Earlier this month, the Supreme Court of West Virginia issued an opinion in a case that arose after an incident of road rage resulted in a commercial truck driver crashing and suffering injuries. The court held that the defendant’s act of failing to disclose the fact that he had several prior traffic offenses in the pre-trial discovery process resulted in the plaintiff not being able to properly rebut his testimony, and ultimately resulted in an unfair verdict.
The plaintiff, a commercial truck driver, crashed after a maroon vehicle cut him off and “gave him the finger.” The driver of the maroon vehicle fled the scene, but a witness followed him and called 911, providing the license plate number to police. Police ultimately tracked the owner down and he was sued by the truck driver.
At trial, the defendant introduced evidence of his “good character,” testifying that he is not a fast or aggressive driver, and that he normally drives below the speed limit in order to conserve fuel. When asked about any prior traffic offenses, the defendant responded that, as best he could remember, the last time he was issued a speeding ticket was 2006. In response, the plaintiff asked if he had been issued a ticket in 2011, to which the defendant replied he “did not recall the incident.” While the plaintiff had proof of the 2011 citation, an evidentiary ruling kept it out of evidence.
Ultimately, the jury determined that the plaintiff failed to prove his case against the defendant, and determined that the defendant should not be held liable for the plaintiff’s injuries. The plaintiff filed a post-trial motion in hopes of the judge overriding the jury’s verdict, but the trial judge denied the motion. The plaintiff then appealed to the higher court, arguing that the defendant’s fraud and/or misrepresentation should have resulted in the trial judge granting the plaintiff’s post-trial motion.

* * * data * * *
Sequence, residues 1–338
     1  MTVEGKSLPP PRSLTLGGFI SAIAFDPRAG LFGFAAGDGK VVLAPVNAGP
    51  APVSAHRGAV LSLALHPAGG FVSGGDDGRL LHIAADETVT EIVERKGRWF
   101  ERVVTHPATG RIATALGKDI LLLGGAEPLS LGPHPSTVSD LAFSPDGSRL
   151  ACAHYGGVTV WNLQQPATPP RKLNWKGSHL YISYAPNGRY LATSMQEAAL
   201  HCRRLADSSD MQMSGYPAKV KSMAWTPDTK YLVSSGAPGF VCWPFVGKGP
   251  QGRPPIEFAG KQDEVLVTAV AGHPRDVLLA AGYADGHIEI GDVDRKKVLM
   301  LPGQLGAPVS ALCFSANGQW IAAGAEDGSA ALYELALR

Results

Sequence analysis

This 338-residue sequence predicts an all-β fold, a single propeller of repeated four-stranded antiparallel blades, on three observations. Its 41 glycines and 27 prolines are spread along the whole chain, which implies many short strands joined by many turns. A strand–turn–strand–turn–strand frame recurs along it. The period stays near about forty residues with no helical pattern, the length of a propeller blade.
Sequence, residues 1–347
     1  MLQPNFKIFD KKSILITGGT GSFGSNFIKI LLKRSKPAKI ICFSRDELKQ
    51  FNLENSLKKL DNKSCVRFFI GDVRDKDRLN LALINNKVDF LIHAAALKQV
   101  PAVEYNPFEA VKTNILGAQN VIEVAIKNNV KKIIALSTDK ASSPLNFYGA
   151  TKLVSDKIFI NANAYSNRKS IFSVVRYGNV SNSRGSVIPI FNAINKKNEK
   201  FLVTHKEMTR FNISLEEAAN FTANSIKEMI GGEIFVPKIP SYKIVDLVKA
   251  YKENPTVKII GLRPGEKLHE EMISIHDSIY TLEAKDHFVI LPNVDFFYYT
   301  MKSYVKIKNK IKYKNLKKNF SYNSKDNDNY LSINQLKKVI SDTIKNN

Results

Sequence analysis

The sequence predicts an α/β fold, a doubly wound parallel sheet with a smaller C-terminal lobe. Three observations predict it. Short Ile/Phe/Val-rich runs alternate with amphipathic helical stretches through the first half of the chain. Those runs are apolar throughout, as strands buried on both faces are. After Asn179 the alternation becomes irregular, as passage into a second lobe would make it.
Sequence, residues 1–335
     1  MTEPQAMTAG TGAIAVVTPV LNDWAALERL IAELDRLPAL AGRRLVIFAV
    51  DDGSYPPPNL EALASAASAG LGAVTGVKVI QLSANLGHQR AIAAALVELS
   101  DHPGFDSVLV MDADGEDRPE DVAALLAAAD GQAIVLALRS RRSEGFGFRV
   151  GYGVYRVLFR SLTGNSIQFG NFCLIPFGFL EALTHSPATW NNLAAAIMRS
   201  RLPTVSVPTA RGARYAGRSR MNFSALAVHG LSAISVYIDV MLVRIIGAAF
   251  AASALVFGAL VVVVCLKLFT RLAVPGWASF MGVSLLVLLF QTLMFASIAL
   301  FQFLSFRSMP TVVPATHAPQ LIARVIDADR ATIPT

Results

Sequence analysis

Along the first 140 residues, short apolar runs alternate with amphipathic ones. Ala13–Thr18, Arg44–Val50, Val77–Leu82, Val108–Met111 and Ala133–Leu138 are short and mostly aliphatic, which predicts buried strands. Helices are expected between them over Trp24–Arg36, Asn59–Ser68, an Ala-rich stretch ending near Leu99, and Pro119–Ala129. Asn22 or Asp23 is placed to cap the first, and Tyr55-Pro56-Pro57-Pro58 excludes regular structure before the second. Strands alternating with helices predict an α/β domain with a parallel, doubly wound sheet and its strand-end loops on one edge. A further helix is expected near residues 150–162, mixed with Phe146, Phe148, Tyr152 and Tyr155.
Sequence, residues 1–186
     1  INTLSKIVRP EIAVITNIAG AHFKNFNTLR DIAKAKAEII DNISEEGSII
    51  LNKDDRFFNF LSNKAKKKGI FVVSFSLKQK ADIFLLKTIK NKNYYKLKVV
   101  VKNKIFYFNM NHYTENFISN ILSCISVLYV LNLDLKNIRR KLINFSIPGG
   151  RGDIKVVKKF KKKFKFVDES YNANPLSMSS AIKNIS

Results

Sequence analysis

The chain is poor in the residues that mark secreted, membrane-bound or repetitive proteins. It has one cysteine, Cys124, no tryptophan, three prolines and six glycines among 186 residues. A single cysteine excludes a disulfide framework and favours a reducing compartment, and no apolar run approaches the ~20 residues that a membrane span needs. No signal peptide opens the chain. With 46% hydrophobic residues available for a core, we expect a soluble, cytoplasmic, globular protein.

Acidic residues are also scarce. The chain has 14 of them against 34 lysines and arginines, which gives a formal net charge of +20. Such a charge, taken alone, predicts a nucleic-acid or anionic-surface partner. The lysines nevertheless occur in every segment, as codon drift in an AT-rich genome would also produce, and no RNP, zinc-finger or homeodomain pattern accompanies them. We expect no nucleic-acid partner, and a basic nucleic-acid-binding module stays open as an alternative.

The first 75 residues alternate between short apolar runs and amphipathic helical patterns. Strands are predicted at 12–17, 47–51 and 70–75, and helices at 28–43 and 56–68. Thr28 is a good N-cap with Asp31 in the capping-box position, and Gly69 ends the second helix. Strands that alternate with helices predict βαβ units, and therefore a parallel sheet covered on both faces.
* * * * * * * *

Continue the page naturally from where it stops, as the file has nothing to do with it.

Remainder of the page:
On appeal, the state supreme court found in favor of the plaintiff. The court noted that defendant’s failure to disclose his 2011 traffic citation for speeding left the jury with an incorrect impression that went to the heart of the plaintiff’s case. As a result, the trial judge should have set aside the jury’s verdict in favor of the defendant. As a result of this ruling, the plaintiff’s case will now likely result in a new trial.
Have You Been the Victim of a Maryland Car Accident?
If you or a loved one has recently been the victim of another driver’s negligence, you may be entitled to monetary compensation. It is important to make sure that you are represented by savvy, thorough, and experienced attorneys who are keenly familiar with both the substantive personal injury laws in Maryland as well as the evidentiary rules. The skilled personal injury advocates at the Maryland law firm of Lebowitz & Mzhen have decades of experience bringing cases against negligent drivers. Call 410-654-3600 today to set up a free consultation.
More Blog Posts:
Court Keeps Out Plaintiff’s Expert Testimony in Birth Injury Case against Car Manufacturer, Maryland Car Accident Attorney Blog, published March 2, 2016.
Accident Victim’s Signed Release Encompasses At-Fault Driver and Subsequent Allegedly Negligent Physician, Maryland Car Accident Attorney Blog, published February 16, 2016.